The prayer we offer for him this evening is the best prayer there is: the offering of the Holy Mass, the prayer of Jesus himself, made complete in the oblation of his body and blood on the altar of the cross, present here for us on this altar. This is the summit of all prayer, for it is made in and through the one person, the eternal Word, through whom all created beings have life. It is a prayer that arises from the very core of creation, the cry of the Word returning to the Father and carrying within it the totality of that creation, marred and broken in its history, yet still longing for the completion for which it has been created. It is, therefore, such an important Catholic tradition to seek the celebration of Mass for the repose of the souls of those who have died, especially for each of our loved ones whose passing we mourn. Let us not forget or neglect this great gift.

During this week, Mass is being offered in many Catholic Churches for the repose of the soul of King Richard III. Rightly so. That is exactly what he would have wished, having himself set up at least one chantry chapel for Masses to be celebrated for the dead of both sides of the Battle of Towton in 1461. This was a most violent conflict, marking the defeat of Henry IV, a single day on which between 10-20,000 Lancastrians were killed and a stark demonstration of the tragedy of civil war. Prayers were indeed needed.

Surely we can be confident that, despite the haste and the violent confusion of the time, this same Sacrifice of the Mass was celebrated by the Greyfriars for the repose of the soul of the defeated King at the time of his burial in their church here in Leicester in August 1485.

Indeed we know that Richard was a man of anxious devotion who kept and marked his own book of prayers and who must have attended Mass throughout his life. Remarkably we also know that this vestment that I wear this evening is recorded as belonging to the royal wardrobe of Richard III. We may reasonably speculate that Richard participated in the celebration of Mass at which this same vestment was being worn.

Richard was not a man of peace. The times in which he lived and the role into which he was born did not permit that. But now we pray for his eternal peace.

Richard was a man who sought to offer to his citizens justice through the rule of law. He brought in important changes to the administration of law, including the institution of the Court of Requests at which poor people could bring their grievances to law. He improved the conditions of bail, enabling people to defend their property in the period before trial and he ordered the translation into English of written laws and Statutes again to make them more widely available. His role and arbiter and judge appear strongly in contemporary records and he twice asserted, in one legal dispute, that ‘we intend, nor will none otherwise do at any time, but according to the King’s laws.’ His actions did not always match those words. But this evening we pray that the merciful judgement of our loving God is extended to him in every degree, for we know that it is only the gift of God’s mercy that protects us from the demands of God’s justice.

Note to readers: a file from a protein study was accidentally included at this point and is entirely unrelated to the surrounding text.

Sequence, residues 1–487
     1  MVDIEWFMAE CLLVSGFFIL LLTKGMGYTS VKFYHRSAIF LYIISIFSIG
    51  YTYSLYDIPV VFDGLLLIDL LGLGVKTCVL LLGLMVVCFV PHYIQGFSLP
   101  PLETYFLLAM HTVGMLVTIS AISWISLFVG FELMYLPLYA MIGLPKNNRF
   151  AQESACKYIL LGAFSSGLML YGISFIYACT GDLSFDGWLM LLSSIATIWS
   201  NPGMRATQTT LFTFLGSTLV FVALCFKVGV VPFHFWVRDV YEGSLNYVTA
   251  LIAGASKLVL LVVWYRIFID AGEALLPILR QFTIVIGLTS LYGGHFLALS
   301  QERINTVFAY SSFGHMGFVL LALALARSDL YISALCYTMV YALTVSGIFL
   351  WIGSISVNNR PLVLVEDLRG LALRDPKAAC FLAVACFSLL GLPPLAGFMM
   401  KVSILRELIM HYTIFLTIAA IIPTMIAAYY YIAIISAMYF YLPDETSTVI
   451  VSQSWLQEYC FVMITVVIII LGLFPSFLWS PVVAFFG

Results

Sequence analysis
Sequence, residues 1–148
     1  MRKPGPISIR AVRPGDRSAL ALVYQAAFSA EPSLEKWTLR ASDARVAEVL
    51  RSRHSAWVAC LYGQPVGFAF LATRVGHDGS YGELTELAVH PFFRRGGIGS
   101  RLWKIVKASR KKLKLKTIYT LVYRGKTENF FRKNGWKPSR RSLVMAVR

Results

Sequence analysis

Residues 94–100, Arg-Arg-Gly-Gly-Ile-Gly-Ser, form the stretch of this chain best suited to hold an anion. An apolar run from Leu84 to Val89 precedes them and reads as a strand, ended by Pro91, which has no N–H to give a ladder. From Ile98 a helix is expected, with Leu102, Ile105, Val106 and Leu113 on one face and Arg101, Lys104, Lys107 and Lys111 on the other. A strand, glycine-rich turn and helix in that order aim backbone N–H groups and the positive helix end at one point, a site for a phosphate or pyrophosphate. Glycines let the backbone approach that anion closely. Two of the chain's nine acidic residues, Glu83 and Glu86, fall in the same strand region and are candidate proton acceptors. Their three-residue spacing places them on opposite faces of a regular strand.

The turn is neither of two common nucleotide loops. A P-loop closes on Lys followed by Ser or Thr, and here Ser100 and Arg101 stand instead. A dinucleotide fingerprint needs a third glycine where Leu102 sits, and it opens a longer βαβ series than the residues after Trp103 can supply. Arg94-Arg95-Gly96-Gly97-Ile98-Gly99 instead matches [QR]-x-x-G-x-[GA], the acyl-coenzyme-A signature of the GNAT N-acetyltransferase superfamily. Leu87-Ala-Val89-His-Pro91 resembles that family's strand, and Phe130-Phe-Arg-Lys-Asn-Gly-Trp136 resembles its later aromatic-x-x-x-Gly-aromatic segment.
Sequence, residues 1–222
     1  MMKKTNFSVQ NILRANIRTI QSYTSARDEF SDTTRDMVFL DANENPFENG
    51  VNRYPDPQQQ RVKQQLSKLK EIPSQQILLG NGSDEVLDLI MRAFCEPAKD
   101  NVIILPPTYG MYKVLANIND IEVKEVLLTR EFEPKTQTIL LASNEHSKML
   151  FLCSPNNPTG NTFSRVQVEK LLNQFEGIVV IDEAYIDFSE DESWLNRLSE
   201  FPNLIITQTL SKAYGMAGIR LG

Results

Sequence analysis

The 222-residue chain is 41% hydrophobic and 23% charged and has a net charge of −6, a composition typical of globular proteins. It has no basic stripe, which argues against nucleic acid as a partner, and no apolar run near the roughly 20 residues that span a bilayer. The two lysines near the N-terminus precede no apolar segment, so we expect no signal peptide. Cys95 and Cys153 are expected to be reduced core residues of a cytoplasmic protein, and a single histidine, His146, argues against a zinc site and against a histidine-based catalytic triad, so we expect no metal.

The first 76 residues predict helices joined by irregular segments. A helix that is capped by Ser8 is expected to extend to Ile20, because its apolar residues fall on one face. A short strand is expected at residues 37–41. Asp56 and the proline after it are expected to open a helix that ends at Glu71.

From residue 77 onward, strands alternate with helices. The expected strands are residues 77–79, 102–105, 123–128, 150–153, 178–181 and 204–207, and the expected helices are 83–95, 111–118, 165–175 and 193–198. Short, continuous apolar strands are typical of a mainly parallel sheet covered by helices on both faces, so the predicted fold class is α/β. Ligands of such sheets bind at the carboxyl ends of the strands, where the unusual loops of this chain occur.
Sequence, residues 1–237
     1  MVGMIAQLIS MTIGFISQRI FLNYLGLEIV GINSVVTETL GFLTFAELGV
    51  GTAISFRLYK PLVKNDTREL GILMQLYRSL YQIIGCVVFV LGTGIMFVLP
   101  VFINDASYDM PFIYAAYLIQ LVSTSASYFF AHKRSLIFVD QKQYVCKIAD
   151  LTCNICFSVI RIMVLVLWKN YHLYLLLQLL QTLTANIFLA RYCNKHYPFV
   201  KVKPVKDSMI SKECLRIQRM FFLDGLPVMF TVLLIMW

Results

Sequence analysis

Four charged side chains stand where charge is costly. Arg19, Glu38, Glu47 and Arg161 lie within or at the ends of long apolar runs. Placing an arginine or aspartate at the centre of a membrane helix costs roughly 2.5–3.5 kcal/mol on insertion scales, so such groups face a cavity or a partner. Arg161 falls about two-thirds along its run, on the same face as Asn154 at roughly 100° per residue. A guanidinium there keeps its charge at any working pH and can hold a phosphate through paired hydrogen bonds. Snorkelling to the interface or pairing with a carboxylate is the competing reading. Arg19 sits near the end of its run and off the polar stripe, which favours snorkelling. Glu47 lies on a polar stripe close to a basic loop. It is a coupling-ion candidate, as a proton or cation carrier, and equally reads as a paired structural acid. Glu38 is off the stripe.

I am much relieved that this evening we are not required to come to any such judgement ourselves. Indeed the judgement of our fellow human being is only of passing consequence for we know how fickle that judgement can be. This we see most clearly as reflection continues on the dramatic years of the House of Tudor in both fiction and historical research: saints are recast as sinners and sinners can become saints. But that is not our business.

Ours is to beseech of our loving Father the embrace of his mercy for this our brother who lived and died so long ago but who through such strange circumstances is again at the centre of public attention and human judgment. We pray for him as a sinner, like every other person, even if his life was lived on a more spectacular scale and in a more public arena than most. Today then we seek not to assert the greatness of Kings but the greatness of God’s mercy towards them and towards us all.

Richard, we know was not the physically most handsome of men. We know he suffered a brutal death, suffering ten fierce blows to the head. We know that his body was subject to humiliation after death, paraded from the field of battle by being thrown naked over the back of a horse and there receiving further wounds from a hostile sword. But we also know that he had been baptised into the death of Christ and so received the promise that he would rise with Christ to new life.